Globalisation impact – Asia rising P3

Indian globalisation is based on acceptance not tolerance

Indian globalisation is based on acceptance not tolerance
Indian globalisation is based on acceptance not tolerance

[dropcap color=”#008040″ boxed=”yes” boxed_radius=”8px” class=”” id=””]L[/dropcap]et us look at the demographic profile of Europe and US in the next few decades taken from UN population projections. The average total fertility rates in the year 2000 in developed countries was 1.57, and in developing countries it was 3.05.The rate for Europe is 1.4 and Japan is 1.3.USA is just 2.1, India at 3.1 and China at 1.72. It is felt a rate of 2.1 is an appropriate replacement rate, including some death of infants etc. For instance, in another forty years the German population would be lesser by nearly 30%. One third of the population will be more than 65 and they will outnumber children by two to one. Italy’s rate is 1.2, and in that Catholic country, in another forty years more than 40 percent will be above 65 yrs. Over the next few decades, the situation could worsen. Estimates suggest that in the next 50 years USA will grow by 100 million numbers and Europe will be less by 100 million numbers. In Russia, two out of three pregnancies are terminated before birth, and Russian women average 2.5 to four abortions each, and their death rate is, believe me, 70 percent more than the birth rate.

India understands heterogeneity much better than the homogenization process of globalisation thrust by the West on the rest.

Putin warns that in 15 years there will be 22 million less Russians, that is, seventh of its current population. Japan is already facing the age crisis. Of course, the Whites in England are not having enough children, with London readying to have “ethnic majority” in a decade. One can go on. This reduction in population is out of Choice in the post-contraceptive world unlike the reduction in the 16th / 17th centuries due to plague etc. The aging of the developed countries coupled with a desire of the labor class, including white collar workers, to work for lesser hours are creating a catastrophe. The best example is the term “Working French”, which has become an oxymoron. If borders are sovereign for labor then it is equally sovereign for financial flows also. If financial markets want a borderless world so be it for the labor markets but it is not acceptable by many in the west since they treat G as a one way street. Hence the presence of the “minutemen” in Arizona who will shoot illegal and rhetoric by Obama about Bangalore taking away the jobs from Buffalo and Italian police drowns illegal Africans.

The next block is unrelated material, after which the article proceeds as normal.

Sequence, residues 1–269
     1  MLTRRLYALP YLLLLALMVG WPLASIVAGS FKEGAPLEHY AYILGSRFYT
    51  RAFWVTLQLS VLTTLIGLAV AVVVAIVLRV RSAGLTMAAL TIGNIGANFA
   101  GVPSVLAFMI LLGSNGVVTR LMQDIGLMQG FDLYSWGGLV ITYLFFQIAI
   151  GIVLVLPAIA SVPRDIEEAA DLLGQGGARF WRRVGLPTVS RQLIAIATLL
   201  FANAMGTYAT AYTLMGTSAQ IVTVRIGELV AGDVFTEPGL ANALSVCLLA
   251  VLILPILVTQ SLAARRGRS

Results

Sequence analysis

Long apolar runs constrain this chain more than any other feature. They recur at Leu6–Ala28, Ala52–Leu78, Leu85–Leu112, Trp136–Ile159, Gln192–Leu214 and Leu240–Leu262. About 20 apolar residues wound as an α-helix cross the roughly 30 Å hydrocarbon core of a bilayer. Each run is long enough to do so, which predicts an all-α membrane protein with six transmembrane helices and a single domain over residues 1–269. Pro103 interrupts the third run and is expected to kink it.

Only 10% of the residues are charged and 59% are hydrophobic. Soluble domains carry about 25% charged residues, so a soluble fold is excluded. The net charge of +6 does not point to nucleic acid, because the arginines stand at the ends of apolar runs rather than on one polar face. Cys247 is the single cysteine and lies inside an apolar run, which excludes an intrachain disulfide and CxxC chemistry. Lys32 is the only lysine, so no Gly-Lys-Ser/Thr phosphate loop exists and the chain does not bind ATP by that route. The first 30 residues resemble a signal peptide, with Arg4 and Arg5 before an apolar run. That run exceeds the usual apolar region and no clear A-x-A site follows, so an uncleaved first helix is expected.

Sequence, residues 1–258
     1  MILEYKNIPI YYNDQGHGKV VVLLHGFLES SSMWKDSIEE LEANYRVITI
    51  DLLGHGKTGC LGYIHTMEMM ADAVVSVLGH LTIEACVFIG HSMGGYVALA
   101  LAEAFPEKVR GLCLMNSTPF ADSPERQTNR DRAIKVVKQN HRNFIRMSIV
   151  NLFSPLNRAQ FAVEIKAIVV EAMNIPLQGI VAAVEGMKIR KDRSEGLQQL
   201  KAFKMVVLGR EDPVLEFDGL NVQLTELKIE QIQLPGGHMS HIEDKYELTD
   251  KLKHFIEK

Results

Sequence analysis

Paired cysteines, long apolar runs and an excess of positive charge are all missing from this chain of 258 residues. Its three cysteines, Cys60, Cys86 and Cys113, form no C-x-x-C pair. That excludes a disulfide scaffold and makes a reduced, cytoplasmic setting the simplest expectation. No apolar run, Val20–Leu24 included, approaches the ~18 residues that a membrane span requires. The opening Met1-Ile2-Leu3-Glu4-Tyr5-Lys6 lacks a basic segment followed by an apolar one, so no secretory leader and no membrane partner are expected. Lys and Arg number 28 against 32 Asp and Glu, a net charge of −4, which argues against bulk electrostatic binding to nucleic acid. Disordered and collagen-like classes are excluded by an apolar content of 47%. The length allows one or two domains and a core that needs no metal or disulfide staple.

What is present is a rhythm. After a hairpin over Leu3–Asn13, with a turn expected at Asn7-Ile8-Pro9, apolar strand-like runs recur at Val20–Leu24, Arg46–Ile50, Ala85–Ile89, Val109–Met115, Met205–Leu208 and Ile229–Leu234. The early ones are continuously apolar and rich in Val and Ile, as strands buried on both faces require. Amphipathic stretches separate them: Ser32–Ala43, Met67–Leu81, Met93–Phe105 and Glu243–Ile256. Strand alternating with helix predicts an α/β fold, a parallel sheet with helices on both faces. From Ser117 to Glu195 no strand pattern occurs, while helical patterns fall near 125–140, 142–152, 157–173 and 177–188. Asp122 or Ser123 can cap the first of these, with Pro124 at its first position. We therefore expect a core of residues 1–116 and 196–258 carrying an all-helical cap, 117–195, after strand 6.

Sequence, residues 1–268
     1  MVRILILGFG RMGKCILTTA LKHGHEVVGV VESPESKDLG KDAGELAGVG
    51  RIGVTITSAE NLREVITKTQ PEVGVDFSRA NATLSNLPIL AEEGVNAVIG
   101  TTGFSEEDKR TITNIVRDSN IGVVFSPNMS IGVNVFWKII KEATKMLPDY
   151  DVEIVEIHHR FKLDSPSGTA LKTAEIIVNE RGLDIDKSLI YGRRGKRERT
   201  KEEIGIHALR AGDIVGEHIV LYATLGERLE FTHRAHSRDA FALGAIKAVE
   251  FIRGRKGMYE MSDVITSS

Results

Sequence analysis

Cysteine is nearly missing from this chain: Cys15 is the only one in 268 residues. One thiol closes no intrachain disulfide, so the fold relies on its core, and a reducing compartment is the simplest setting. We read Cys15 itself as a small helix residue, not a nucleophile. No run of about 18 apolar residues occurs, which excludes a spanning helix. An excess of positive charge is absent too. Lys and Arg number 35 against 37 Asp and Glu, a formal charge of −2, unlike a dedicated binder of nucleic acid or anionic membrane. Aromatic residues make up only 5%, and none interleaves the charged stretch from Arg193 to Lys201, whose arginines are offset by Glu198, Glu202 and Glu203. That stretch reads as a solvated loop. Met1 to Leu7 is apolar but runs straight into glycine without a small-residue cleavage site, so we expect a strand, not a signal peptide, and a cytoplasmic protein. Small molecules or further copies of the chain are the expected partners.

In this context Europe had “integration” where in Polish and Romanians could move into France and UK. Europe does not have common language nor culture. But Project Europe was visualised by French and German “experts” trying to create an artificial entity.

[dropcap color=”#008040″ boxed=”yes” boxed_radius=”8px” class=”” id=””]I[/dropcap]t is important to note that all conflicts in the last thousand years emanated from Europe only and later spread to other parts of the world. Crusades and jehadis were centred on Europe and so is the 1st and 2nd world war.

The elites of the world who can be called Davos Junta or Cosmocrats wanted unlimited financial flows across globe and wanted to use Europe as a model.